About one quarter of patients with DM suffer from foot ulcers at some point in their lives and despite drug treatment, more than two thirds of the patients will suffer from unhealed wounds [19,20]. At present, the pathogenesis of diabetic skin lesions is still unclear and exploring its mechanism has crucial clinical value for improving the prognosis of patients. In our study, we mainly analyzed the influence of MET on the proliferation and apoptosis of AGEs-induced skin fibroblasts and the relationship between MET and miR-126, finding that MET inhibited AGEs-induced apoptosis and oxidative stress of human skin fibroblasts by downregulating miR-126.

AGEs are harmful metabolites, which have been found to accumulate in large quantities in patients with DM compared with healthy individuals [21]. One previous study has revealed that AGEs are a primary cause of skin fibroblast death in patients with DM [22]. Fibroblasts are the main cells that synthesize and secrete collagen and fibronectin play a key role in wound healing. Changes in the function of skin fibroblasts are one of the main reasons for poor wound healing in patients with DM [15]. In this study, we found that after being treated with AGEs, HSF2 cells showed inhibited proliferation ability, increased apoptosis rate and a concentration dependence. AGEs can induce the production of reactive oxygen species in cells and cause oxidative stress, thus damaging skin fibroblasts [23,24]. This study found that after treatment with AGEs, the MDA level in skin fibroblasts increased, while the SOD and CAT levels in them decreased, which implied that AGEs are one of the important killers that lead to unnatural apoptosis and oxidative stress damage of fibroblasts. One earlier study has revealed that MET can reduce the formation and accumulation of AGEs in human body [25], which suggests that MET can protect skin fibroblasts from AGEs. Our results also verified that MET can weaken the effects of AGEs on the function and oxidative stress of skin fibroblasts.

To explore how MET protects skin fibroblasts from AGEs, we analyzed the correlation of miR-126 with MET and AGEs. One previous study has pointed out that miR-126 takes a crucial part in the development of various diseases. In our study, we determined the changes of miR-126 in skin fibroblasts treated by AGEs and found that miR-126 expression increased after treatment with AGEs and MET inhibited the increase, indicating that MET may protect skin fibroblasts from AGEs by regulating miR-126. In order to further understand the correlation between MET and miR- 126, we treated AGEs-induced skin fibroblasts with MET and transfected them with miR-NC and miR-126 mimics, separately, finding that increasing miR-126 could weaken the effects of MET on skin fibroblasts after AGEs induction, which implied that MET could inhibit AGEs-induced apoptosis and oxidative stress of human skin fibroblasts by downregulating miR-126.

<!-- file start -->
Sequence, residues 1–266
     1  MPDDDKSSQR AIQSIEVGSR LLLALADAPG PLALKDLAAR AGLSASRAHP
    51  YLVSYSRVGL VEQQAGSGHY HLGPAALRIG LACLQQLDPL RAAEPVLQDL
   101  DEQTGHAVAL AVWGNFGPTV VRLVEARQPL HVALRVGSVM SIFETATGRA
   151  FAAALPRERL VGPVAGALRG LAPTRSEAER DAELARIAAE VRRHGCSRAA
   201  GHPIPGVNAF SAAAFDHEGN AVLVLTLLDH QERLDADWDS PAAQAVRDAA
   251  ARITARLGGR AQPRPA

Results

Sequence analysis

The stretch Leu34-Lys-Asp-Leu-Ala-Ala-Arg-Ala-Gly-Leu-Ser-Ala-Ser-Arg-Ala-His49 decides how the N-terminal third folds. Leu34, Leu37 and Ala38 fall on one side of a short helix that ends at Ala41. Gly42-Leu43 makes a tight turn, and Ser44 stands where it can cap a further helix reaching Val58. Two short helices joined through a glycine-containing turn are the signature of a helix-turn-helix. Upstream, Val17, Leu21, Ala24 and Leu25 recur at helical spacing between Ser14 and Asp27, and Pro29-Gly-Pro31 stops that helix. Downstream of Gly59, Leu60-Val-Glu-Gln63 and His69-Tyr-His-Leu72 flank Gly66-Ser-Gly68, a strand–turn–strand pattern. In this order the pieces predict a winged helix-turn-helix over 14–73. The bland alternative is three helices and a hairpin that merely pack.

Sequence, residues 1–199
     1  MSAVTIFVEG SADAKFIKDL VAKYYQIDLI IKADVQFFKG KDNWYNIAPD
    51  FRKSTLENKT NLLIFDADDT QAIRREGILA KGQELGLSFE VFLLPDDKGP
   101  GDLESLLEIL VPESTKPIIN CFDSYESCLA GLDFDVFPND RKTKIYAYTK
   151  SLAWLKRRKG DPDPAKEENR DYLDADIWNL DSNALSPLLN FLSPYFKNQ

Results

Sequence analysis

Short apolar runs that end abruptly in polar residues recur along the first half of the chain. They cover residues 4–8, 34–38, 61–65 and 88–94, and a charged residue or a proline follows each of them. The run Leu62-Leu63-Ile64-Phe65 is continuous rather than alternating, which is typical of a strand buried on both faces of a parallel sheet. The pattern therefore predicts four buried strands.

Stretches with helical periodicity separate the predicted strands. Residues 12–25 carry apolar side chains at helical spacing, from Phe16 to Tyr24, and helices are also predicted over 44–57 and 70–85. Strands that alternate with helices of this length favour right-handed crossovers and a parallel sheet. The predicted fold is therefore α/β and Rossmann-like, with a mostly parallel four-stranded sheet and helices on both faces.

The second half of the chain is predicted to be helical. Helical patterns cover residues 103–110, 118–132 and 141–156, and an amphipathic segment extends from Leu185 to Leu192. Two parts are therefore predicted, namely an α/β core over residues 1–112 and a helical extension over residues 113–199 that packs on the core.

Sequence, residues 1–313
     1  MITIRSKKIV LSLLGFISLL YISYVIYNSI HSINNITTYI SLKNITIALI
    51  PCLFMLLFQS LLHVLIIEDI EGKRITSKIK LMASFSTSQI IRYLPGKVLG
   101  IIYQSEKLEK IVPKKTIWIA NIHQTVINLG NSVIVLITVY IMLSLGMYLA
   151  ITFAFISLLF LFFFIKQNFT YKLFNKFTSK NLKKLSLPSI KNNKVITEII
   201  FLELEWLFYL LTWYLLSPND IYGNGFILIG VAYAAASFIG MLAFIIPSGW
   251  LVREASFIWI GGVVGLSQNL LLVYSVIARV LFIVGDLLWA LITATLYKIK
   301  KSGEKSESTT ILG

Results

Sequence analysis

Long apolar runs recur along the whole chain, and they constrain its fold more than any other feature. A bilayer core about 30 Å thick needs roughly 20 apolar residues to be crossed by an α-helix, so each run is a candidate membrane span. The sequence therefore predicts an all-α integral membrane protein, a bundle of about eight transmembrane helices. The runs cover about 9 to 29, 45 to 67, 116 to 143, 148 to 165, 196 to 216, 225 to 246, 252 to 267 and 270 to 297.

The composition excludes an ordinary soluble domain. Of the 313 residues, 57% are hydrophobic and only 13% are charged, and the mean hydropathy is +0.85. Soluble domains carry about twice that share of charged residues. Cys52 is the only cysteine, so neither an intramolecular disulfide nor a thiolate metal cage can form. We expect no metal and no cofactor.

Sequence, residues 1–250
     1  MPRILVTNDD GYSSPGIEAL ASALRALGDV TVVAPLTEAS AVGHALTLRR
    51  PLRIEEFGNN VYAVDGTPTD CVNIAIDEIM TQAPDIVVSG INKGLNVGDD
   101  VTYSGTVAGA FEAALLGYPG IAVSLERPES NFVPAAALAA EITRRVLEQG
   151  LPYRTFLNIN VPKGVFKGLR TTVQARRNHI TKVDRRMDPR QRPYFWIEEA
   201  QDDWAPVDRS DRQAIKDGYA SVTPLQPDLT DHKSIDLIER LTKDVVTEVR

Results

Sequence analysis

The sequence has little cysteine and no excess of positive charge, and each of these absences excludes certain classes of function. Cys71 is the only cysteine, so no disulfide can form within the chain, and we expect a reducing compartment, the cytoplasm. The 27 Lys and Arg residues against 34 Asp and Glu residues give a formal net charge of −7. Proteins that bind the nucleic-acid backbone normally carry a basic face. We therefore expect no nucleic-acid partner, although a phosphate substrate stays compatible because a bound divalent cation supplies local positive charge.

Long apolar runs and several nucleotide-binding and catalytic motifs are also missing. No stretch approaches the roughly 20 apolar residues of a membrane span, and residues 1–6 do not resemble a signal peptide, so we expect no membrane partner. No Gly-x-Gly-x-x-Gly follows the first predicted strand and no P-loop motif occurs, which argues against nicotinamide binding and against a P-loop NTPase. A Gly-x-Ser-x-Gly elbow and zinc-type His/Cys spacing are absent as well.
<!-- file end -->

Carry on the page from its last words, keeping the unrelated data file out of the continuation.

This study has verified that MET can inhibit AGEsinduced apoptosis and oxidative stress of skin fibroblasts and it may be related to the regulation of MET on miR-126. We reviewed previous researches on the role of miR-126 in human diseases and found that miR-126 can participate in the progression of diseases by activating or inhibiting some common pathways, such as Phosphatidy Linositol 3-kinase/protein kinase B (PI3K/Akt) and Ras homolog family member A (RhoA)/ Rho-associated protein kinase (ROCK) (RhoA/ROCK) [26,27]. Therefore, we suspected that MET can affect the biological behavior of human skin fibroblasts through regulating miR-126 and mediating related pathways, which can be extensively studied in the future to further explore the potential mechanism of MET in promoting wound healing in patients with DM.

To sum up, MET inhibits AGEs-induced apoptosis and oxidative stress of human skin fibroblasts by downregulating miR-126.

Funding:

This work was supported by National Natural Science Foundation of China (81370932), the Key Studies (Special) Department Fund of the Pudong, New Area Health Planning Commission (PWZzk2017-03) and Integrative Medicine special fund of Shanghai Municipal Health Planning Committee (ZHYYZXYJHZX- 2-201712), Outstanding Leaders Training Program of Pudong Health Bureau of Shanghai (PWR12014-06), the Outstanding Clinical Discipline Project of Shanghai Pudong (PWYgy-2018-08), the Natural Science Foundation of China (Project no. 21675034), Shanghai Natural Science Foundation (19ZR1447500).

Conflicts of interest:

The authors declared no conflict of interest.

References